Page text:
Editor's note: Building highly successful athletics programs requires many facets. In this "Auburn Builds Champions" series, we will profile eight Auburn Athletics coaches and support staff members and their keys to success. In part two, equestrian coach Greg Williams discusses the importance of casting a vision and working hard to achieve it.
"Plant a seed for a tree you're never going to shade under" - Greg Williams
By Jeff Shearer
AUBURN, Ala. - Long before the SEC championship and four national championships. Before the impending groundbreaking for a new barn and locker rooms. Before the celebrations at Toomer's Corner. There was Greg Williams, a horse-loving Auburn graduate and former rodeo cowboy, managing Auburn's horse program while starting rodeo and equestrian club teams.
At the time, Williams recalls, Auburn University's Horse Center was an "overgrown field."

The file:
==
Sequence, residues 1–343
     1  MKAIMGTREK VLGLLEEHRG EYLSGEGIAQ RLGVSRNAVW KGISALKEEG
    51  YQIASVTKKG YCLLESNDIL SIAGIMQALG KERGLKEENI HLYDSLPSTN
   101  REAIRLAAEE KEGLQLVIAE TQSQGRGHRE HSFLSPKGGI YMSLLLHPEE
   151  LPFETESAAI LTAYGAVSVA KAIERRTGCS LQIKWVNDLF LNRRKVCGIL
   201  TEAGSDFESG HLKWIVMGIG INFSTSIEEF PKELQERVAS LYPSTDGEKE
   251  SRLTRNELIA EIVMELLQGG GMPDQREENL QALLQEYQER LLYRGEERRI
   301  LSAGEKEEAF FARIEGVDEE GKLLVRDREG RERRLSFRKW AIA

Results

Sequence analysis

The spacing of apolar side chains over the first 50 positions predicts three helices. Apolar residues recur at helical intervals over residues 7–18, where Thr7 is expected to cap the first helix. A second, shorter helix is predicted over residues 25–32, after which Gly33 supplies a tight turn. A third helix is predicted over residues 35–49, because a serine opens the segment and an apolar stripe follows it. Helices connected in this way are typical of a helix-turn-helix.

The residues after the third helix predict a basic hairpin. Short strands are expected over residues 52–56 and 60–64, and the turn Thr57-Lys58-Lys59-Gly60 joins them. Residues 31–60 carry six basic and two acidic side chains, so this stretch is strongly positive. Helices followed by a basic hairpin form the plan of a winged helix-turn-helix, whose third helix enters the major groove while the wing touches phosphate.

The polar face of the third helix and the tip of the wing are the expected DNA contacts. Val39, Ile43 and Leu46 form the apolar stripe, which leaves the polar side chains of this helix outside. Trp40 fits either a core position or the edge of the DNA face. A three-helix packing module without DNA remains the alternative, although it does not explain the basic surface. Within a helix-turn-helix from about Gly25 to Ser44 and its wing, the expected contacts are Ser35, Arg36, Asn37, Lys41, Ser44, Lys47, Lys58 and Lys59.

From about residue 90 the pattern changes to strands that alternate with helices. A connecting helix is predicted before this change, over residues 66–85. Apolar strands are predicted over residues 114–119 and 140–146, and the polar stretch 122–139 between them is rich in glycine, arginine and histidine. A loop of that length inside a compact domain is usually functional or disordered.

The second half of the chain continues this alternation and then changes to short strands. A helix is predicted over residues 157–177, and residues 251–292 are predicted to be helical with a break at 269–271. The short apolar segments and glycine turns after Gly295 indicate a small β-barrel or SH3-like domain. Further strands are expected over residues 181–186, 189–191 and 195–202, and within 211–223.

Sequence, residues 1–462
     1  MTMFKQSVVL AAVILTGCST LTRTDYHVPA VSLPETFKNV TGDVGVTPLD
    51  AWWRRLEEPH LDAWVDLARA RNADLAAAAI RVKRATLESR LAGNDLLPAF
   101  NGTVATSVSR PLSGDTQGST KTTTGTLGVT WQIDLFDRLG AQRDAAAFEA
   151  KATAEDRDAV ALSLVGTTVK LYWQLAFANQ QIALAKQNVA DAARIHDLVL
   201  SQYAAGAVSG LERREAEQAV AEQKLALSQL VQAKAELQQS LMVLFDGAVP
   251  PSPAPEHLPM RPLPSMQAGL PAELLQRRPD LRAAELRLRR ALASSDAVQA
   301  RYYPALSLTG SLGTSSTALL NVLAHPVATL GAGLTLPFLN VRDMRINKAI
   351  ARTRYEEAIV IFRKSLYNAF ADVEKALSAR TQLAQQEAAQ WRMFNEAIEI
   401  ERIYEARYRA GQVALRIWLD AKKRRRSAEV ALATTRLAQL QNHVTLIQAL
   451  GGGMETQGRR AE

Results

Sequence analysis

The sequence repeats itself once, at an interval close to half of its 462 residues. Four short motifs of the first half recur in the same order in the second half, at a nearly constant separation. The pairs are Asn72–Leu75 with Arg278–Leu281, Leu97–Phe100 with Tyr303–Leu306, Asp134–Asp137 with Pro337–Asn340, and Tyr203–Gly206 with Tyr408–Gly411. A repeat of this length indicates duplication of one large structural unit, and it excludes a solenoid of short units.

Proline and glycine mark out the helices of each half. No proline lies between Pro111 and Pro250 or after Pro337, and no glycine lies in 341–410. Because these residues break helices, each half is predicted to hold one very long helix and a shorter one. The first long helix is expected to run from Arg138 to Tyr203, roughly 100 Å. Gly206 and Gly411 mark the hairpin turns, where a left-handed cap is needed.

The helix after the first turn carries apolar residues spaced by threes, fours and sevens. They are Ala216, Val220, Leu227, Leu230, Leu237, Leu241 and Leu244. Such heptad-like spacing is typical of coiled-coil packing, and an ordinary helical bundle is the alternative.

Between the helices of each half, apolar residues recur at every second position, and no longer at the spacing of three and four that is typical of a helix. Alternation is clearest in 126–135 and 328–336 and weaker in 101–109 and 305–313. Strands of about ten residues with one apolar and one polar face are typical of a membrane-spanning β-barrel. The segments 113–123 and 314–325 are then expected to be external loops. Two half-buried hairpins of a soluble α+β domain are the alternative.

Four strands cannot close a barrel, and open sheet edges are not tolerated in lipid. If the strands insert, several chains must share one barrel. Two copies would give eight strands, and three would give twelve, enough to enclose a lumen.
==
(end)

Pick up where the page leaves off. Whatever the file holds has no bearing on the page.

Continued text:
Williams had a vision, one that has enriched the lives of hundreds of equestrian team members while raising the profile of Auburn Athletics and Auburn University.
Sensing that equestrian was a better fit than rodeo for Auburn University's mission and teaching program, Williams shifted his focus exclusively to equestrian.
He called David Housel, then Auburn's Director of Athletics, asking Housel to include equestrian updates when speaking to Auburn clubs.
When Housel told Williams Auburn would soon be adding a women's sport, Williams approached the opportunity with the intensity of a bull rider trying to stay on. But this ride lasted much longer than eight seconds.